In this Issue:
Source: Center on Enhancing Early Learning Outcomes - Retrieved March 14, 2014
The Center on Enhancing Early Learning Outcomes (CEELO) recently published a new brief that looks at what child assessment measures are being used in pre-kindergarten and kindergarten classrooms across the states and how child assessment data is being used. State of the States Policy Snapshot: State Early Childhood Assessment Policies (March 2014), by Diane Schilder and Megan E. Carolan, is intended to help states learn from each other as they plan to implement new assessments (e.g. kindergarten entry assessments) and comprehensive early childhood assessment systems. It is based primarily on secondary analysis of data collected in the State of Preschool Yearbook and presents a snapshot of responses from the states to questions about child assessment.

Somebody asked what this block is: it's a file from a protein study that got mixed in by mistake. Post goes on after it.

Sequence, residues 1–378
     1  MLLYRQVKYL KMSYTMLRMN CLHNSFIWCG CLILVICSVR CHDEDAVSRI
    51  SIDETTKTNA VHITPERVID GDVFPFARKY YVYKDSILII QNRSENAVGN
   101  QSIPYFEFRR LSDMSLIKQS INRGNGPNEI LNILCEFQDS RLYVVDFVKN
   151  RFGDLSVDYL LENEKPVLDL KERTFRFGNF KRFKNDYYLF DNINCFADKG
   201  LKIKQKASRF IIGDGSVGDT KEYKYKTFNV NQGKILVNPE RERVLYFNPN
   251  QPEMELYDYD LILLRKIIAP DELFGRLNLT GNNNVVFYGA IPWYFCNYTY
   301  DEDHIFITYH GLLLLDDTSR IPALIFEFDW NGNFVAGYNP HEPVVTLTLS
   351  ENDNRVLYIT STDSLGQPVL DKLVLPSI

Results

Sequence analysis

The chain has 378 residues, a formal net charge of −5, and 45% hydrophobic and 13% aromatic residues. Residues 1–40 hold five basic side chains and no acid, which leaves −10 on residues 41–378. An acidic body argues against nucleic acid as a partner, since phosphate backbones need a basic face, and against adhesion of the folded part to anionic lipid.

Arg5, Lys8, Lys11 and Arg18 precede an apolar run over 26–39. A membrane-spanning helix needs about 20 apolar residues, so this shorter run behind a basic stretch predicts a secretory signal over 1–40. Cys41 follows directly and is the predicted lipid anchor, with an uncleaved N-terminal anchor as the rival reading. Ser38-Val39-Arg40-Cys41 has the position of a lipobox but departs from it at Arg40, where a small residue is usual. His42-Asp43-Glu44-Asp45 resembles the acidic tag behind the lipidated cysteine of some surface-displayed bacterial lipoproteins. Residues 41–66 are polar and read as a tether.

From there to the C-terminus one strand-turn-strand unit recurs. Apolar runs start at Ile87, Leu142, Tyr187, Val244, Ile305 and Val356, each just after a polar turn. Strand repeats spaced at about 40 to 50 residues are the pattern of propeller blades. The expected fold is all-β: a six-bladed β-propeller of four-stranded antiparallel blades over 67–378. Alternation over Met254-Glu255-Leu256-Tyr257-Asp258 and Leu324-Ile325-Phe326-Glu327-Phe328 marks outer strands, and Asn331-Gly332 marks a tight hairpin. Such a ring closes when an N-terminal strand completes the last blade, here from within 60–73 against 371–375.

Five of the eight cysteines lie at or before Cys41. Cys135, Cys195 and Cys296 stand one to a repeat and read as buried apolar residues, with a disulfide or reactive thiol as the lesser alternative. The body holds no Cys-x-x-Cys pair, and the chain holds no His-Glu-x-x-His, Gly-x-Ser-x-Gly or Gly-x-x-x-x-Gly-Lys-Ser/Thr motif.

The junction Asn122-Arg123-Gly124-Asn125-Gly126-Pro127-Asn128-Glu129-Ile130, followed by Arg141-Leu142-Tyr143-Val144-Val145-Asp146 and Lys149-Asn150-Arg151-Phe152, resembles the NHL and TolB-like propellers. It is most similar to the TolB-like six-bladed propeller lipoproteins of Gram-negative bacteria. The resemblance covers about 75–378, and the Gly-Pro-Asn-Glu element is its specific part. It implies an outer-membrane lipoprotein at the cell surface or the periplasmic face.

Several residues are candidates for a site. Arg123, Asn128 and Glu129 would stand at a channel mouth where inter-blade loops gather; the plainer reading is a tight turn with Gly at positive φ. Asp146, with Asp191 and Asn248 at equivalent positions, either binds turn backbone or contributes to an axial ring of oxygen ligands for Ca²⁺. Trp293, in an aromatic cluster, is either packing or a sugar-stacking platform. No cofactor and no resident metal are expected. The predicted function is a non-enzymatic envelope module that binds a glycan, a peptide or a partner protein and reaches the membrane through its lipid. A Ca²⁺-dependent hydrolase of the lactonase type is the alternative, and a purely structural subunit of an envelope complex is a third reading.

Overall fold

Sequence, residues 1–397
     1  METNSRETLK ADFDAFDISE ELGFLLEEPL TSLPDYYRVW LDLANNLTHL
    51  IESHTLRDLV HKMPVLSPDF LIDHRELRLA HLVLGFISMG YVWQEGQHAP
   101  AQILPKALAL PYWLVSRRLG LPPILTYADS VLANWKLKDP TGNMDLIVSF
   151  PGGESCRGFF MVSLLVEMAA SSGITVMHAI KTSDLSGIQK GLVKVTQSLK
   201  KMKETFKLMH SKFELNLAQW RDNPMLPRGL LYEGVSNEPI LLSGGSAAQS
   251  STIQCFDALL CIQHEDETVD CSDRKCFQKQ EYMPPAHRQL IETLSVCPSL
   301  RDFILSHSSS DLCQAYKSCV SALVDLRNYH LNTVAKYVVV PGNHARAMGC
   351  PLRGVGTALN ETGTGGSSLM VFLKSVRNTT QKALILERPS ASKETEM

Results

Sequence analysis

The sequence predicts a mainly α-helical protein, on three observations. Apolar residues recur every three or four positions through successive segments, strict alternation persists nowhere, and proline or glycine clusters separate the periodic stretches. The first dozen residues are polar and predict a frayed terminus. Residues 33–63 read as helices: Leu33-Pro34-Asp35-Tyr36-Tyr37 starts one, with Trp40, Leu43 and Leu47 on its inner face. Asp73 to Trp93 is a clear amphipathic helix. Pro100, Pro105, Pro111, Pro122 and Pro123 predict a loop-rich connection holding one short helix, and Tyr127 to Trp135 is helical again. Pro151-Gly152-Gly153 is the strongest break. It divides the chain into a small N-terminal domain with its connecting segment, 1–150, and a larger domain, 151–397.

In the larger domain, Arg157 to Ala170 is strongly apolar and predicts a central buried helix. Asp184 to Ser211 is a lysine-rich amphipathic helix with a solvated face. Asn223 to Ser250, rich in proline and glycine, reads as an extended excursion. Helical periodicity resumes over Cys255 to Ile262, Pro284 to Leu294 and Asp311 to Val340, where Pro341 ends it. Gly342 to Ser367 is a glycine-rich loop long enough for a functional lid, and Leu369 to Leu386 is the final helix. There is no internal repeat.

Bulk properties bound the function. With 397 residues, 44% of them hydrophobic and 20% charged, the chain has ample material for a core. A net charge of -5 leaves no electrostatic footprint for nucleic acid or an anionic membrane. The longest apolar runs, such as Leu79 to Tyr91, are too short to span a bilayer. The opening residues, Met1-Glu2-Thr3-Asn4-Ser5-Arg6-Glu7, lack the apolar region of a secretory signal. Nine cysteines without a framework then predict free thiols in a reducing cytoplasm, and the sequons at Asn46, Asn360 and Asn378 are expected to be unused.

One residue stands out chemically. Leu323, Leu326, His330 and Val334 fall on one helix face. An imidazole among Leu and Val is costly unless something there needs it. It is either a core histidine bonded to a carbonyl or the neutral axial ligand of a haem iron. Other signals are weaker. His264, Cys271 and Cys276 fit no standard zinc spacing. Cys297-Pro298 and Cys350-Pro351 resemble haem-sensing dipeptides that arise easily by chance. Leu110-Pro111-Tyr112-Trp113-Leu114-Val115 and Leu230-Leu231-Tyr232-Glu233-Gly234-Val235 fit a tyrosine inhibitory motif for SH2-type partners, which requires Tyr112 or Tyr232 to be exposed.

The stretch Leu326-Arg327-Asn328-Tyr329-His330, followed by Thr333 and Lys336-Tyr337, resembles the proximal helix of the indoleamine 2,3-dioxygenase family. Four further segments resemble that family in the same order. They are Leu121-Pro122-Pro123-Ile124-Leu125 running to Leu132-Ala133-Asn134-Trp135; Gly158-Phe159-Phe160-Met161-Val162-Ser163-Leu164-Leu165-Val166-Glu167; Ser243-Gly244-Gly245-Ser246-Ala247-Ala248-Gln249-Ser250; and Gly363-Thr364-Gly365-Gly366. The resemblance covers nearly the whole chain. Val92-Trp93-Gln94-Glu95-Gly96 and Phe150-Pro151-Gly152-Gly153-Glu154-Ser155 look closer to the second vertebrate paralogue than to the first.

Source: Early Childhood Data Collaborative - Retrieved March 10, 2014
The Early Childhood Data Collaborative recently released The 2013 State of States' Early Childhood Data Systems (February 2014), a new report of findings based on a survey of 50 states and the District of Columbia, assessing the coordination of their early childhood data systems. The survey was completed by state education, health, and social services program staff. It focused on these three key aspects of state data systems:
Findings show that although federal and state agencies do collect data on an array of ECE programs, Pennsylvania is the only state that links child-level data across all programs and to the state's K-12 data system. Twenty-six states can link child-level data between at least two publicly funded early care and education programs. To learn more, see the full report.
Source: National Science Teachers Association - Retrieved March 11, 2014
The National Science Teachers Association (NSTA) recently published a Position Statement on Early Childhood Science Education (2014). The position statement identifies key principles to guide the learning of science among young children and provides recommendations for teachers and other education providers who support children's learning in early childhood settings.
Source: Center on the Developing Child at Harvard University - March 11, 2014